The Seven Stars, Seisdon
Our mystery meal reviewer, The Insider, enjoys a great value meal at the Seven Stars in Seisdon and an encounter with the pub dog, Molly.
There seems to be a thing about me and dogs at the moment,
Actually, that should be dogs and I, but it doesn't really sound right, so I have decided to live dangerously and break the rules of grammar.
Anyway, I digress. Last week, you may recall, I told how I was befriended by a giant St Bernard in the wintry outpost of Mamble, near Bewdley.
This week it was a gentle chocolate labrador which turned out to greet us in the car park of the Seven Stars at Seisdon.
"Hello Molly, great to see you, I have heard so much about you," are the words I did not actually say at all. Sadly the attitude still prevails in modern society that people who spend freezing winter nights in pub car parks talking at length to dogs are somewhat barking themselves.
However, I did feel I almost knew Molly, and indeed the pub itself, long before I had visited. For the last six months I have been inundated with letters and emails about the Seven Stars, which has attracted admirers from as far afield as Kent and Buckinghamshire.
Nearly all the reports have been positive – although Barry Nickolds criticised the time it took for his food to arrive – with Liz Roden from Brierley Hill speaking fondly about the warm welcome, and indeed Molly the chocolate labrador.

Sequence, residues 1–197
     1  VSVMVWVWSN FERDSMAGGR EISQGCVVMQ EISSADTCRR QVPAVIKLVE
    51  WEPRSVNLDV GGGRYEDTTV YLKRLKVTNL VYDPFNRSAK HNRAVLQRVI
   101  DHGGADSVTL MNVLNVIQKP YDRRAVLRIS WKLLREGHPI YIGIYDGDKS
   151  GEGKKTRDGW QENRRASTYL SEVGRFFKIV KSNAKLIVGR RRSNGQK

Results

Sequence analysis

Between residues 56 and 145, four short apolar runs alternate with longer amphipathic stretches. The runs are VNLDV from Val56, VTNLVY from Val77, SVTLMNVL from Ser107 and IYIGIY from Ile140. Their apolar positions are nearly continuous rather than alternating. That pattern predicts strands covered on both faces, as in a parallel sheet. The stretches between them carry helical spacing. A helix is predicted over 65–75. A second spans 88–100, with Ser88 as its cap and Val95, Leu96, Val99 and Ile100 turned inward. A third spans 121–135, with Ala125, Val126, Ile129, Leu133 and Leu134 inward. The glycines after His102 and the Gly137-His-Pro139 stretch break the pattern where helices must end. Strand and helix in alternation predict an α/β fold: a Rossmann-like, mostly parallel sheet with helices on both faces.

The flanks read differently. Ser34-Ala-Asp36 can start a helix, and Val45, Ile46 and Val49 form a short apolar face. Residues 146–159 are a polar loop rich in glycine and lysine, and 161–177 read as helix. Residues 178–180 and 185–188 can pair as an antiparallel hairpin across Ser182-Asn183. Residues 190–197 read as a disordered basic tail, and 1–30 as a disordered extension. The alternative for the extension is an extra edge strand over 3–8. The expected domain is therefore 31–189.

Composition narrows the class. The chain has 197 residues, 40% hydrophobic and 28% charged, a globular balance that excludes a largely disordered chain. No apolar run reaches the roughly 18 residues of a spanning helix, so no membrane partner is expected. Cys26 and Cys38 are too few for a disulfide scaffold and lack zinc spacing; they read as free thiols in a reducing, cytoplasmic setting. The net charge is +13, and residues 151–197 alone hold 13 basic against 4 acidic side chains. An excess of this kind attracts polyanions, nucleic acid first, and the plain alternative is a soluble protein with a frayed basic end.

About time we paid a visit, then.
Actually, I had tried to eat there a few weeks ago, only to discover that the restaurant was closed for redecorating, but I am pleased to report it is up and running now, and open for business.
Situated on a road junction, its deep gabled roof and large bay windows make it look a little like the Bayko country club I might or might not have made as a boy. To the front, a low picket fence surrounds a raised patio, and there are potted conifers outside.
Parking was quite tight on the Friday night we visited, but it was possible to squeeze in. Apart from a small step up at the entrance, access seems to be fairly easy, although reader Arthur Riley did point out the lack of a disabled toilet or blue badge parking space.
On entering the pub, the modern, stylish bar with its leather sofas and roaring fire can be seen through a glass partition, while the more traditional dining room is on the left.
The refurbished restaurant is quite attractive. The copper panelling beneath the bar provides a feel of quality, and the signal red paint finish and candle bulbs in the wall light give it a bit of a classical look, perhaps like an expensive 1930s hotel.
The cream and brown beamed ceiling gives is quite attractive, but the slightly tired rustic style door does look a little out of place. Having gone to such lengths to provide an attractive place to dine it, I was slightly disappointed that paper serviettes and sauces in sachets had been allowed to let the side down a little.
The restaurant was busy, but there were one or two empty tables. The customers are quite a diverse bunch, and slightly younger than I had been expecting. There was a family group celebrating a birthday at the table by the window, bursting into a chorus of Happy Birthday, Dear Mum, as the matriarch was presented with an impressive looking cake.